Why do some people suffer addiction?
Can the arts help Marie Louise Muir understand her autistic daughter’s world?
Michael Rosen finds out what can be learnt about communication from people with autism.
Michael Rosen on communicating with people with autism or profound learning difficulties.
When it comes to addiction, Mariella Frostrup asks if we can control ourselves.
Aleks Krotoski explores the impact digital technology is having on the way we live.
Mariella Frostrup explores children's aggression from the toddler years to teens.
Two Welsh artists try to better understand autism with an imaginative new project
Aleks Krotoski asks why we just cannot get enough of what our digital devices dish up.
Jade is a games designer with autism. She is flying solo to New York to chase her ambition
Jem Lester talks about his debut novel Shtum about a severely autistic boy
John Harris talks to Penny Andrews, who was only diagnosed as autistic in her thirties.
John Harris of the Guardian talks to autism specialist Professor Simon Baron-Cohen.
Comedian John Williams finds unexpected joy in his autistic son's view of life.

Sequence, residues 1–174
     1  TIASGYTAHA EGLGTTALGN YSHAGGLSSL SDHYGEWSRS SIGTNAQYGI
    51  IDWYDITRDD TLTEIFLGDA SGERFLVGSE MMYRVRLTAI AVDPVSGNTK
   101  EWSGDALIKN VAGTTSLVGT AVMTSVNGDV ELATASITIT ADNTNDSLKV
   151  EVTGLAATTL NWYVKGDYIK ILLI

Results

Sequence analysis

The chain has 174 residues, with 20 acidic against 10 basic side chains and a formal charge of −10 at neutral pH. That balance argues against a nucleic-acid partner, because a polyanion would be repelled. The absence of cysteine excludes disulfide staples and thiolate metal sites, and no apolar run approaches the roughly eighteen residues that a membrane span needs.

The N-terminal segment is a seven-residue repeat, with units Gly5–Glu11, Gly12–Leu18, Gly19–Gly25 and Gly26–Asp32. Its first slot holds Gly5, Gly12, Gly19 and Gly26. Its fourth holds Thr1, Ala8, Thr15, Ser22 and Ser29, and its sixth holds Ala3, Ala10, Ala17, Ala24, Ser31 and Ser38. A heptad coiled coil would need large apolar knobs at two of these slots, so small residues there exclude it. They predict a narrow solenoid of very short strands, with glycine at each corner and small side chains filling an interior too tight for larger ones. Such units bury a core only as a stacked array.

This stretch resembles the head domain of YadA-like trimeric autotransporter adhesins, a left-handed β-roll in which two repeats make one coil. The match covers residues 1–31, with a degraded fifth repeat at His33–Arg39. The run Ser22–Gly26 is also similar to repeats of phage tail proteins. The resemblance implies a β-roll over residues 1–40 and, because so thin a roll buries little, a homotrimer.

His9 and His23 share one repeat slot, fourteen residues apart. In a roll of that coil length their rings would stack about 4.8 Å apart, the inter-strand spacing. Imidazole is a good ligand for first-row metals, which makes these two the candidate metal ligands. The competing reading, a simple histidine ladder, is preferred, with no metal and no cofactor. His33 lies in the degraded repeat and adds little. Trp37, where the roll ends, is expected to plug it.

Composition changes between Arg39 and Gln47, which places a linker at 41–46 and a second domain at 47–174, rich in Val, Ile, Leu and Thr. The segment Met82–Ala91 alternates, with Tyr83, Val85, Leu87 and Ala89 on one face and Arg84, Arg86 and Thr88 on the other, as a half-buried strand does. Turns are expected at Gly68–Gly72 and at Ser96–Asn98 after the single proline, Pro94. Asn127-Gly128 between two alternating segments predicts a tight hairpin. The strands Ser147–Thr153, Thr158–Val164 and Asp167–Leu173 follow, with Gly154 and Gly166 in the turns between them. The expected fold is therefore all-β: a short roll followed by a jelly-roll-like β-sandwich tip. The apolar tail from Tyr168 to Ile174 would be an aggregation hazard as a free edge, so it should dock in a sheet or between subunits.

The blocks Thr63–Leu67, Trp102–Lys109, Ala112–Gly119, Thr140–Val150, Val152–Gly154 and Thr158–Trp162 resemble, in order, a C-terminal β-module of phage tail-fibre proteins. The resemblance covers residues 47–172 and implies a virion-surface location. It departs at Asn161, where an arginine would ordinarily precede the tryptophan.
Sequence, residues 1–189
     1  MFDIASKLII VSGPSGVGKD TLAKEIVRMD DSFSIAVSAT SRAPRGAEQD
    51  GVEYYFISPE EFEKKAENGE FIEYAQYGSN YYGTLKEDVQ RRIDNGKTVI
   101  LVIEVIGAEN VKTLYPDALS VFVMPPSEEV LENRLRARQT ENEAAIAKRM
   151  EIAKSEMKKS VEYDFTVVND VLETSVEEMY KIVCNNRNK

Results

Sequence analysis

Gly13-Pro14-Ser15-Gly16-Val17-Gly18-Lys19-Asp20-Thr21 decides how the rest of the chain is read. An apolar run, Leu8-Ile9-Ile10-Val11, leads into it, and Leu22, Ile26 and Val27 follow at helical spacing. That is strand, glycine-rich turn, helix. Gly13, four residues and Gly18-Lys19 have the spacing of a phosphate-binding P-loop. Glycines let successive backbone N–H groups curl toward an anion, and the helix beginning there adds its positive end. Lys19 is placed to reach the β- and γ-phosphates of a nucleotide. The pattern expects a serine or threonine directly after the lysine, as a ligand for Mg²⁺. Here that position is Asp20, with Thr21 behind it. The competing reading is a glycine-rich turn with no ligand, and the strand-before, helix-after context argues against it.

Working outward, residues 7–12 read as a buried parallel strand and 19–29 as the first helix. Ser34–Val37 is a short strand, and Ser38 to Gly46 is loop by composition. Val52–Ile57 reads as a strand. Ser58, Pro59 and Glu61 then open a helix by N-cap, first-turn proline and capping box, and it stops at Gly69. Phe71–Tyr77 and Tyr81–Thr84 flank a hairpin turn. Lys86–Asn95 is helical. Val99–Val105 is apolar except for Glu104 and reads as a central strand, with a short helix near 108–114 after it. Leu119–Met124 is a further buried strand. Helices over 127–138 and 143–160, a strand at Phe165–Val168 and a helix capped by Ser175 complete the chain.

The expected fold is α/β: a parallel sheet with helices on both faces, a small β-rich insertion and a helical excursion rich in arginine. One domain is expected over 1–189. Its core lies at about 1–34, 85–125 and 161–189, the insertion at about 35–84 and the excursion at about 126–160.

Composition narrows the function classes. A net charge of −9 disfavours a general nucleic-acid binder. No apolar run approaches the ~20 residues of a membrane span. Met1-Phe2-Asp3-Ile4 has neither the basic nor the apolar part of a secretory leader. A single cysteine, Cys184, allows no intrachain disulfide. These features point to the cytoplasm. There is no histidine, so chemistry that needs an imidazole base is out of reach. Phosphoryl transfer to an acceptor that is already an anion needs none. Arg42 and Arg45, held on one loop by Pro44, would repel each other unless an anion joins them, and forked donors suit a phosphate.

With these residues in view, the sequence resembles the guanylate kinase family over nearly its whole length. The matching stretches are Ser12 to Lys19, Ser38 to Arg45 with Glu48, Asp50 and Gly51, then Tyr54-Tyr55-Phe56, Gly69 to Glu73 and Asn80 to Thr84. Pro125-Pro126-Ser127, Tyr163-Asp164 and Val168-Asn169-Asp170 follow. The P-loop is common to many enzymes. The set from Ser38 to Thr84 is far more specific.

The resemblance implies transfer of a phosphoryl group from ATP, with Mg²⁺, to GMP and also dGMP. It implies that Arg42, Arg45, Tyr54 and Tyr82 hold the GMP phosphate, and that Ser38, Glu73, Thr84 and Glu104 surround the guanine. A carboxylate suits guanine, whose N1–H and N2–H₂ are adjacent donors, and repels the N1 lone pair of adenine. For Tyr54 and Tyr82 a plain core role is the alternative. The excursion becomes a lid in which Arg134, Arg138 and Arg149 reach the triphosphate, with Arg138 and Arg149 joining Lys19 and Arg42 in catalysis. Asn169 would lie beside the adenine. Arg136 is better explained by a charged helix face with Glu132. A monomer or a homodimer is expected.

Are care homes able to protect frail and vulnerable elderly residents from violence?
Robyn Steward takes us into her world of autism, music, art, travel, fun and independence.
Fi Glover hears how the partners of people with various forms of addiction cope.
David Mitchell talks about how Naoki's book helped him make sense of his son's autism.
Fi Glover's guests discuss the experience of mental breakdown.
Having translated Naoki's book, David Mitchell describes how it must be to have autism.
Can your immune system make you psychotic or depressed?
How stories of mental illness are told in fiction and news.
Sally Marlow turns to science to find out why so many people in Britain are addicted.
Does the history of our ideas about autism reveal more about ourselves than about autism?
Does the history of our ideas about autism tell us more about ourselves than about autism?
Where is the dividing line between normal behaviour and a mental health problem?
Jim meets psychologist Prof Uta Frith, whose work changed how we view brain disorders.